The Western Bulldogs have launched an investigation after footage surfaced showing star Bailey Smith holding a bag of white powder at a party, prompting the cult-hero midfielder to admit in late 2021 that he was in possession of an illegal substance. when he “went out of control” amid struggles with his mental health.
Smith and Bulldogs chief executive Ameet Bains confirmed the midfielder had been shown using an illegal substance in the months following the Bulldogs’ big final loss in 2021, but did not say whether he had ingested it. The Bulldogs and the AFL’s integrity unit are now investigating the content and how it appeared on social media.
“I was recently made aware of the presence of content on social media showing me using an illegal substance,” Smith said in a statement on Saturday. “When dealing with this, there is a great temptation to speak in vague generalities and avoid the issue. However, I am determined to learn the lessons of my past and become a better person in the future.
“After much thought, I am now in a position to confess that at the end of 2021 I indulged in behavior of which I am deeply ashamed. I have no excuse for that behavior, but my mental health in that period after the grand finale deteriorated dramatically, and I got out of control, leading to poor decision-making and actions at the time.
Smith unreservedly apologized to his family, teammates, the Bulldogs, the AFL and both the club and his own sponsors, saying he took full ownership of the mistakes he had made.
Bulldogs chief executive Ameet Bains said Smith had recently dealt with “a lot of challenges and pressures off the field” and stressed that while that didn’t excuse his behaviour, the club would continue to support him.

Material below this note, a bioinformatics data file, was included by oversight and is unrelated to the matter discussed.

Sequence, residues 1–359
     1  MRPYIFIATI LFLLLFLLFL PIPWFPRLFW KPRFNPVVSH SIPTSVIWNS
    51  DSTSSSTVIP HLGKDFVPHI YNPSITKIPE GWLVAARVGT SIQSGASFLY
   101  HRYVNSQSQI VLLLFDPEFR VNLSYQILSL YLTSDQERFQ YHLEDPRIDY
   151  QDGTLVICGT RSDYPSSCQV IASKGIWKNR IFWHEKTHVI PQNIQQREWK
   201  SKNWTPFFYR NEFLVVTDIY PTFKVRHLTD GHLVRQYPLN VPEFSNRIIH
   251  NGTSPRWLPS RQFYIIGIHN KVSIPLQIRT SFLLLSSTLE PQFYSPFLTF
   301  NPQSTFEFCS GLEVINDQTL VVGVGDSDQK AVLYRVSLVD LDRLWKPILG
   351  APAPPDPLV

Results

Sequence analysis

“We are extremely disappointed to have seen social media content showing Bailey Smith an illegal substance,” Bains said. “This content was captured after the 2021 AFL season, while the players were on personal leave. We absolutely do not condone our players being involved in illegal substances and are convinced that players are properly trained on what constitutes appropriate behavior.”
The AFL said Bulldogs and Smith management had warned them about the social media content on Saturday. “The AFL will interview Smith in the coming days regarding the rise of the social media content and the context surrounding it,” the league said in a statement. “An outcome of that investigation will be communicated in due course.”
AFL Players’ Association chief executive Paul Marsh said the players’ union would support Smith and was confident the Bulldogs would do the same.
Smith shot to cult hero status last year, with his hot form and signature mullet making him one of the most recognizable players in the league. The 21-year-old is one of the most popular players in the game, with over 370,000 followers on Instagram – more than Dustin Martin and Lance Franklin.
Smith is currently serving a two-game ban for headbutting Zach Tuohy of Geelong. “I understand that what happened outside of what is expected of AFL players,” Smith said after the incident. “Unfortunately, I let my emotions get the better of me, which doesn’t suit me. I am determined to come back in a few weeks to continue to give 100 percent for my team-mates and the club.”
Three-time Premiership skipper Luke Hodge urged the Bulldogs to keep a close eye on Smith’s well-being. The Bulldogs (6-6) say goodbye this week before taking on the Giants next Saturday.
Bailey, the former number six in the AFL draw, had a stellar finals campaign in 2021 and was a key cog in the Bulldogs’ lead up to the grand final, where they were defeated by the Melbourne Demons. The out-of-contract midfielder would go on to become one of the club’s highest earning players and is reportedly working on a contract worth around $800,000.
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